As we all experienced, the last few years saw a significant increase in outdoor recreation as Minnesotans headed out in droves to get away from urban areas. The North Shore seemed to take the brunt of the exodus, or so it seemed. State parks and wayside rests were packed with canoers, campers, bikers, anglers, and hikers. Campgrounds were filled and the overflow set up their tents or trailers on logging roads, beaches, and even in private driveways. Parking lots were congested and traffic was bothersome. At the same time, no trespassing signs sprouted as residents reacted to the invasion. As an avid angler, I discovered new restrictions along the Brule River, the Sucker River, and Palisade Creek, where a no trespassing sign was stuck into the ditch on the Highway 61 right-of-way. Hopefully, some of this is only temporary.
Adjusting to the new restrictions made me really appreciate the state park and wayside rest system by which we, the public, have access to the rivers and waterfalls of the North Shore, including the Baptism, Split Rock, Cascade, Brule, Onion, Cross, Kadunce, Temperance, and Gooseberry rivers. Consider the effort that our forebearers went through to secure these scenic landscapes as public property, open to all. How limited would our outdoor recreation opportunities be if all these rivers were essentially private like the Manitou?
One to whom we owe a great deal of debt is Clarence R. Magney, the person responsible for many of these acquisitions and the namesake of the state park on the Brule River. Magney was originally from Pierce County in southwestern Wisconsin, in the Driftless area. After receiving an undergraduate degree from Gustavus Adolphus College in St. Peter, Minn., and then a law degree from Harvard, he moved to Duluth and fell in love with the North Shore. There he practiced law, entered politics, and was eventually elected mayor of Duluth in 1917, where he championed the expansion of the city’s park system. In 1943, he was appointed an associate justice on the Minnesota Supreme Court. While leading a very busy career, he was involved in many community activities and served on many boards. Most importantly to us, he was devoted to protecting waterfalls and scenic watersheds along the North Shore. Magney took the initiative to identify important parcels, lay out the rationale and prepare bills to the state legislature, and then use his considerable influence to assure their passage. In some cases, he even made outright land purchases in anticipation of legislative approval. A total of 11 state parks and wayside rests are in part due to his tireless efforts.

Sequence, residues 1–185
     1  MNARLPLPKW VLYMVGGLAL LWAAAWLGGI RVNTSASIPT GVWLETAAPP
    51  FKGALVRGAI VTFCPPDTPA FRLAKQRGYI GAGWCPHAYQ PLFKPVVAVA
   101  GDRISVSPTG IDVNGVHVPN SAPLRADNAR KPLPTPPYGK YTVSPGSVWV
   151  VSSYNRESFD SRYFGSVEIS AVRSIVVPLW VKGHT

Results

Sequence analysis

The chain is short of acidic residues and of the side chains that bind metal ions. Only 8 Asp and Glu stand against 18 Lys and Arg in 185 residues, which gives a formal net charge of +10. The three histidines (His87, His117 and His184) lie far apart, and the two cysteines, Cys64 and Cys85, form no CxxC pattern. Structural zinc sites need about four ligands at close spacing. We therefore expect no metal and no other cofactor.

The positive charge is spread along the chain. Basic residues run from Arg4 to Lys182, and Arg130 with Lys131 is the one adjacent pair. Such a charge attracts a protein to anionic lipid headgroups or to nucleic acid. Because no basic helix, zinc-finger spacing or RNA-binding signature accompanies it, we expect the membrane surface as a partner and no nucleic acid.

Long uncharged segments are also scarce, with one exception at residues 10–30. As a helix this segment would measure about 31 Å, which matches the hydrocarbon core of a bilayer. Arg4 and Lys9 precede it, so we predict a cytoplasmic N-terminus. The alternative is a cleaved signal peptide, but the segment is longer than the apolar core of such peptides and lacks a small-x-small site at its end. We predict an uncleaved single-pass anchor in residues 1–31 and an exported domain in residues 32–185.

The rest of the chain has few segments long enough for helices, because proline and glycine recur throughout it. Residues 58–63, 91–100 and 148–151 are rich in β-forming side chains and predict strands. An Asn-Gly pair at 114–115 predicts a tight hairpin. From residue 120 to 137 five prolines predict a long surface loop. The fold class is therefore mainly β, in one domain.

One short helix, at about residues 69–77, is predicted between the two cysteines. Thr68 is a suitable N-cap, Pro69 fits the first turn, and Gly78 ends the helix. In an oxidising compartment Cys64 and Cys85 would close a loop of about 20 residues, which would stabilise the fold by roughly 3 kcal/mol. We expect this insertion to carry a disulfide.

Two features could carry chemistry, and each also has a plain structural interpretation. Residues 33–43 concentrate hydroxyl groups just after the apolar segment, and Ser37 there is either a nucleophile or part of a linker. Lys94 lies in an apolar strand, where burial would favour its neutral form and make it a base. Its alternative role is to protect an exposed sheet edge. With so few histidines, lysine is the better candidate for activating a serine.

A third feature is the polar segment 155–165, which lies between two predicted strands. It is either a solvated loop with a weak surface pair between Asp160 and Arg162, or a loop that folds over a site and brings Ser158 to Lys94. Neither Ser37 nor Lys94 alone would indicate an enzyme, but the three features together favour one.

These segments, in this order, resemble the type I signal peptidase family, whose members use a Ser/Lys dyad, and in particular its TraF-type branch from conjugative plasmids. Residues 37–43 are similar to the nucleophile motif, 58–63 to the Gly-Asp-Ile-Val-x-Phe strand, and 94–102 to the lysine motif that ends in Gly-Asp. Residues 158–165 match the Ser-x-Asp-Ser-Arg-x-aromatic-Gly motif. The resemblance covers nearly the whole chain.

The state park that bears his name, Judge C. R. Magney State Park, located about 14 miles northeast of Grand Marais, is one of my favorite places to fish for steelhead. The Brule River, which flows through the park, is difficult to fish. Most of the river below the upstream barrier is canyon-bound and nearly impossible to reach. During spring run-off, its generally un-wadable. It doesn’t seem to draw the numbers of steelhead that some much smaller neighboring streams do, but for sheer ruggedness and beauty, it’s awe-inspiring, even intimidating, which is why I like it.
The Ojibwe called the river Wiskode-zibi (Half-burned Wood River), which was translated by the French into Brulé, anglicized to Brule. For a brief period in the early 1970s, it was called the Arrowhead River. The watershed was heavily logged of virgin timber by the late 1890s, and second growth timber was logged just after the turn of the century for a pulp plant in Grand Marais. This section of the North Shore wasn’t developed until 1925 when Highway 61 was improved by upgrading the earlier wagon trail that extended to the Canadian border. Prior to that, most North Shore communities were accessed by boat.
After the road improvement, tourism by motor car to the North Shore boomed and resorts sprang up, such as the spectacular Naniboujou Club, situated at the mouth of the Brule. The lodge was built in 1929 for the exclusive use of its high-profile members, and the Art Deco-Cree inspired motif great hall is postcard worthy. The club was originally envisioned as a much larger enterprise than it is today, with an original lease of 3,330 acres along the Lake Superior shore, and additional acreage at McFarland Lake, 20 miles to the north. Before the club could really get off the ground, the stock market crashed which affected the fortunes of its wealthy membership and the Naniboujou went into a financial crisis and a series of ownership changes.
Fortunately, in 1934, the State of Minnesota purchased 3,000 acres from the club which is the nucleus of the park we see today. The parcel became a Civilian Conservation Corps-style camp, initially managed by the State Forestry Division, and later by the Works Progress Administration as part of a national scheme to provide employment during the Great Depression. Remnants of camp building concrete footings can be found in the balsam thickets on the east side of the river, just downstream of the footbridge. In 1957, the park was formally established by the legislature and an additional 900 acres were purchased. Magney died in 1962 and the park was renamed after him a year later.
Was Magney an outdoorsman and angler? I have found photos of him wading while exploring the upper Devil Track, as part of his quest to preserve its waterfalls. He is pictured carrying a map and is not dressed for fishing. But I also found a 1950s image of him fishing the upper Baptism. He appears to be either dunking a worm or swinging a wet fly with a fly rod where some fast water enters a broad pool. It looks like a likely spot, and I really hope he caught a few brook trout. Every time I cast my fly into the Brule, I thank him for assuring me access to some beautiful fishing places.